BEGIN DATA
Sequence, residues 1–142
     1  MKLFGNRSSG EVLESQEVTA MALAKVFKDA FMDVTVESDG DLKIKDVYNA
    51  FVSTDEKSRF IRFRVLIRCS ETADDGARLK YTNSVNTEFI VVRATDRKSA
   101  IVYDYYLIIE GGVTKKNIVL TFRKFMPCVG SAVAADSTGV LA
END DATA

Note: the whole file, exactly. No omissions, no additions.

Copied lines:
Sequence, residues 1–142
     1  MKLFGNRSSG EVLESQEVTA MALAKVFKDA FMDVTVESDG DLKIKDVYNA
    51  FVSTDEKSRF IRFRVLIRCS ETADDGARLK YTNSVNTEFI VVRATDRKSA
   101  IVYDYYLIIE GGVTKKNIVL TFRKFMPCVG SAVAADSTGV LA